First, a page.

Garner's second point is simply untrue – at least if your policy is set up the right way.
The 10% penalty only applies to policies that are qualified as a “Modified Endowment Contract,” which are treated more like qualified retirement plans (without going into too much detail, a MEC happens when you have contributed more than the tax-advantaged limit to a certain policy; there are some circumstances where a MEC is useful, however, we typically do not design policies this way when they are to be used for college savings).
As for loans…
- Lessard says that there are also issues if parents decide to take a loan against their policy, as opposed to a straight withdrawal, as policy loans charge interest and "require a payback schedule."
Yes, it’s true: Policy loans are subject to interest. However, the interest rates are typically low and don’t vary much. They are often similar to – or lower than – the interest rate on a student or parent educational loan.
The statement about the payback schedule is simply false. None of the policies we use require any specific payback schedule, and this is one of the things that parents love about them in paying for college! As opposed to a student loan, which requires a certain monthly payment to be made every month, whole life policy loans offer unstructured loan payments, meaning that parents can pay back the loan on their own schedule, at their own convenience and budget level. Even better, once the loan is paid back, the parents may then use the funds again tax-free for their next child – or for retirement, or any other goal that they wish – a benefit that no other college savings plan can boast!
- The article also points out the fact that if a parent takes a large loan from the policy and doesn't pay it back, the policy could lapse.
And it's true - this could potentially happen if you do not use your policy correctly.
This is why it is absolutely imperative that any family wishing to use a whole life insurance policy to pay for college work with a qualified college planning professional who understands the inner workings of these types of insurance policies, and who will take the time to advise and provide proper guidance to help avoid these types of situations.
There are also a number of other benefits to using life insurance policies as savings vehicles for college, including safety, liquidity, tax-advantaged and penalty-free withdrawals, protection from creditors,* and exemption from both federal and state financial aid calculations. Some insurance companies even offer special grant or scholarship opportunities to the families of policy holders.
If you don’t fully understand the benefits and features of these types of policies, and you buy one from an insurance salesman who also doesn’t understand them (or doesn’t thoroughly explain them to you), and doesn’t know how to properly structure them as a college savings vehicle, then it’s true – you may be better off investing in a 529 plan or some other college savings plan as the U.S. News article suggests.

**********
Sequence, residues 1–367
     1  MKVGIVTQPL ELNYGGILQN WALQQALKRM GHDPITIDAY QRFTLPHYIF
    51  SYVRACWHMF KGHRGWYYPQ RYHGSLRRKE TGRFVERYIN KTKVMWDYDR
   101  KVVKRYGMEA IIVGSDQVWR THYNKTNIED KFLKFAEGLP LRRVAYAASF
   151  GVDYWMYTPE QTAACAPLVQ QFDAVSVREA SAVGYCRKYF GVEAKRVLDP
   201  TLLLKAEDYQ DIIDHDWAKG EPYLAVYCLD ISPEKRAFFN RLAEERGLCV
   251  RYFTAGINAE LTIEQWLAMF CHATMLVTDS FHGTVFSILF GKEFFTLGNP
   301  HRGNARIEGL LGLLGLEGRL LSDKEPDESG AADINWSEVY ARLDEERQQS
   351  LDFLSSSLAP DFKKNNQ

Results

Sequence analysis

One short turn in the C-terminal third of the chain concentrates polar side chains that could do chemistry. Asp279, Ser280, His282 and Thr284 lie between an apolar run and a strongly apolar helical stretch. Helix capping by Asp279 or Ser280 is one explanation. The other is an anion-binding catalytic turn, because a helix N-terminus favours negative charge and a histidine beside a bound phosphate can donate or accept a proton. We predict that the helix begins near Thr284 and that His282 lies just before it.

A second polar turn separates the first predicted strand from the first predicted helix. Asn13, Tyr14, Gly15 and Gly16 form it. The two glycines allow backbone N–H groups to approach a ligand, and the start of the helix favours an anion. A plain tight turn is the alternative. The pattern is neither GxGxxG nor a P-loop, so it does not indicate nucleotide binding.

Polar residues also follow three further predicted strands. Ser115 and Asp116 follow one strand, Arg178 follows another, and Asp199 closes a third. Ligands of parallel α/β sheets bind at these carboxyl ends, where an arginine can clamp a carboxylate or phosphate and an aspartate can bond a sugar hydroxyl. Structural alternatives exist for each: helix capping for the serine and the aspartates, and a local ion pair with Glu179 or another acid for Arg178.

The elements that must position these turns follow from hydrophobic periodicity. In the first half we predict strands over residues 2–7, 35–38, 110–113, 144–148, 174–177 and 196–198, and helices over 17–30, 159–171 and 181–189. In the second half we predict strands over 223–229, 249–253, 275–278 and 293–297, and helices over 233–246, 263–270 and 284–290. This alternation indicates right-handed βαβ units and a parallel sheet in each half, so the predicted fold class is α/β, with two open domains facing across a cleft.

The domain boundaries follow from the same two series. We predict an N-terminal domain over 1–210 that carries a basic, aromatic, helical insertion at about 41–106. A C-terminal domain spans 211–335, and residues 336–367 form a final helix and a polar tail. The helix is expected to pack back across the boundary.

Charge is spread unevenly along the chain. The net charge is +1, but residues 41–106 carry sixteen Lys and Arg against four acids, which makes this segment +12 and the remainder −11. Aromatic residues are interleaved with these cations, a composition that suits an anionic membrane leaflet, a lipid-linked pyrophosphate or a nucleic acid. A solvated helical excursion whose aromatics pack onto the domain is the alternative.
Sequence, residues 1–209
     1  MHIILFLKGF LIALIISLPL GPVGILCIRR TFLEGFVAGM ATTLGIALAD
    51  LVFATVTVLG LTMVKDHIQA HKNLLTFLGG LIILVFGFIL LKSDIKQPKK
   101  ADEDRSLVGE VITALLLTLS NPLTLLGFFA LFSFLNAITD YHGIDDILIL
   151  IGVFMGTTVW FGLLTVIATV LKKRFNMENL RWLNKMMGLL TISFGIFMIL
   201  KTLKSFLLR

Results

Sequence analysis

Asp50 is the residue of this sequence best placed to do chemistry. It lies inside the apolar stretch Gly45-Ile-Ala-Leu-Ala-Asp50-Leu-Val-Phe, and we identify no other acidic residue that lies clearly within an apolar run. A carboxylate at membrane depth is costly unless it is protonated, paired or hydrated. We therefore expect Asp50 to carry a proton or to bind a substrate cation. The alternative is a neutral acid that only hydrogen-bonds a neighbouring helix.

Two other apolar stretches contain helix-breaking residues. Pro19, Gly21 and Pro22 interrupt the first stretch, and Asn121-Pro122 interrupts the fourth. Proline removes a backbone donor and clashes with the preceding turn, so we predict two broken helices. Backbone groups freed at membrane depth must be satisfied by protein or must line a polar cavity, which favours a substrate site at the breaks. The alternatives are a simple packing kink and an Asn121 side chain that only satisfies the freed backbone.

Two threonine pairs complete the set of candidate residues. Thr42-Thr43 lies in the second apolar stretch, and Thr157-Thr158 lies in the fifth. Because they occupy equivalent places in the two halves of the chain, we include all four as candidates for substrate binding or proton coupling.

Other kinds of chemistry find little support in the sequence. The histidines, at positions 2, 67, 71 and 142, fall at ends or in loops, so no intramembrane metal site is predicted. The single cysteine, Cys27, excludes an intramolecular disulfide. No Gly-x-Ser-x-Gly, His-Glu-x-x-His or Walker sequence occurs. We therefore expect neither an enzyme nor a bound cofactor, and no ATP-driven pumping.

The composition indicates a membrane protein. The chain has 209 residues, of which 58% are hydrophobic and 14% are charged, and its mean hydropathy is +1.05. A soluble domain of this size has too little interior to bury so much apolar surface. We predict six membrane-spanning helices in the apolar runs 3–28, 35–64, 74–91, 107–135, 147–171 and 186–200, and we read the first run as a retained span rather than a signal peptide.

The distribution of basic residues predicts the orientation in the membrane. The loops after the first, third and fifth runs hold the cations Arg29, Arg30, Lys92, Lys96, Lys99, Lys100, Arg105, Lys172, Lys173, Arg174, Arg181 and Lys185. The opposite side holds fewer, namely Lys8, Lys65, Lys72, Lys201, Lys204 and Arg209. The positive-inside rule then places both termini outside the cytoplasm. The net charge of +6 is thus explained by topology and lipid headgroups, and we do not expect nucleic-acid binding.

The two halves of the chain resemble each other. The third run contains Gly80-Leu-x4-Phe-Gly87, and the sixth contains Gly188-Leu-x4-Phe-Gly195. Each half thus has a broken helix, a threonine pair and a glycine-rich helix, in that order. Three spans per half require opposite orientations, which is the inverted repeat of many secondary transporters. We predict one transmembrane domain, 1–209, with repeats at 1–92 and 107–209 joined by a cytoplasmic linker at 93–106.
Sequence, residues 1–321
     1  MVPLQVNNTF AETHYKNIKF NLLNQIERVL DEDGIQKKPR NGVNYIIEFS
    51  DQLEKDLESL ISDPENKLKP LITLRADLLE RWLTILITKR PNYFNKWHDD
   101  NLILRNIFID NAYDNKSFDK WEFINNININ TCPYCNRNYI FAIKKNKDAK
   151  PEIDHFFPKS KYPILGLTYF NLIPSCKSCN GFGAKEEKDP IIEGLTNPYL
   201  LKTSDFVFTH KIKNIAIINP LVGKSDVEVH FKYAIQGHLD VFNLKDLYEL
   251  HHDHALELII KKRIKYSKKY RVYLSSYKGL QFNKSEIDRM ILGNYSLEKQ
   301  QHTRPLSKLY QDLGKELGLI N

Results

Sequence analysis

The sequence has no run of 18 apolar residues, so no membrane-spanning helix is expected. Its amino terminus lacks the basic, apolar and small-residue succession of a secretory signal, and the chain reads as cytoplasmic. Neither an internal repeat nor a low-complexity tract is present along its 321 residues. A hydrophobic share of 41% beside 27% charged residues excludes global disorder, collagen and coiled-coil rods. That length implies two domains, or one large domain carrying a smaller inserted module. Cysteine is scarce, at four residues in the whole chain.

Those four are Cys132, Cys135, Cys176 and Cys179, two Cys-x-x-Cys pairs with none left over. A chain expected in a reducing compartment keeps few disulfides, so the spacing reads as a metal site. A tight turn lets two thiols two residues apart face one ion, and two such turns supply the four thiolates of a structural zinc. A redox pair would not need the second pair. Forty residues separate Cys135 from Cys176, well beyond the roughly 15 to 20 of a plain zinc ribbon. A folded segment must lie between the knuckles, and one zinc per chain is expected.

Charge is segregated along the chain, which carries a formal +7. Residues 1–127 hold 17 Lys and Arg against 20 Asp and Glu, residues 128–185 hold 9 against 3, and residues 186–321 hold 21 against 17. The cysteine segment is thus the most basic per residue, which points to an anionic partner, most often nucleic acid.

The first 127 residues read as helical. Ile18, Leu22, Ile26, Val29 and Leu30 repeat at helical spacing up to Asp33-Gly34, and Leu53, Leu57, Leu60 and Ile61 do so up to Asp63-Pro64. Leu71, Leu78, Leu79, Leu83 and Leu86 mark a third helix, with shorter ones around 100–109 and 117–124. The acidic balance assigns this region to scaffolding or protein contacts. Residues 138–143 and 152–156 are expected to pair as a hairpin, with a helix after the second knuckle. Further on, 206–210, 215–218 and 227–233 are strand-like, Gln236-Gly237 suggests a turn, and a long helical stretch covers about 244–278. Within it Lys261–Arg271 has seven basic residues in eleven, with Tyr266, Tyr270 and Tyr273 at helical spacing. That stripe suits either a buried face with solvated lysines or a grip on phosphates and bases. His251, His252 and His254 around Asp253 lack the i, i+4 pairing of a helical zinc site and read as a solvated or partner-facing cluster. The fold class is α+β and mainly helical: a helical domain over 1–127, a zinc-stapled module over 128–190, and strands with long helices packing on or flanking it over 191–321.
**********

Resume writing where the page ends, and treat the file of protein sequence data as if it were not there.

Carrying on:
It's also true that the garden variety "off-the-shelf" type of life insurance policy truly may not be the best choice for most families. But, if you are using the right type of life insurance, and it is properly structured to achieve maximum efficiency, and you understand how to use it correctly, life insurance is a truly unique financial vehicle with some useful benefits that can definitely work to your advantage in this arena.
You just want to make sure you are working with a qualified financial professional who is intimately familiar with how these types of policies work and how to design them in your favor, and who will guide you personally over the years to make sure you are using your policy efficiently to achieve the maximum benefits it can provide - both when paying for college, and beyond.
There are plenty of valid ways to plan and save for college and for other life expenses, and we feel it is a shame that there is so much misinformation surrounding such a useful and foundational wealth-building tool as whole life insurance. In every situation, we try to do our best to clearly explain the pros and cons of both safer and higher-risk financial tools, so that our clients can make the best and most informed decisions possible when developing either a college plan or a more general financial plan.
Want to learn more? Contact us today for a free evaluation! One of our qualified college funding professionals will be happy to review your plan to pay for college, and make sure you are using the best strategy to achieve your family’s specific goals.
* In most states. Consult a qualified tax advisor or attorney for your state to be sure.
This document is for educational purposes only and should not be construed as legal or tax advice. One should consult a legal or tax professional regarding their own personal situation. Any comments regarding safe and secure investments and guaranteed income streams refer only to fixed insurance products offered by an insurance company. They do not refer in any way to securities or investment advisory products. Insurance policy applications are vetted through an underwriting process set forth by the issuing insurance company. Some applications may not be accepted based upon adverse underwriting results. Optional riders may have an additional cost. Life insurance policy loans will reduce the cash value of the policy and the death benefit. Unpaid policy loans may accrue interest that could lead to policy lapse, loss of tax benefits, or both. Death benefit payouts are based upon the claims paying ability of the issuing insurance company.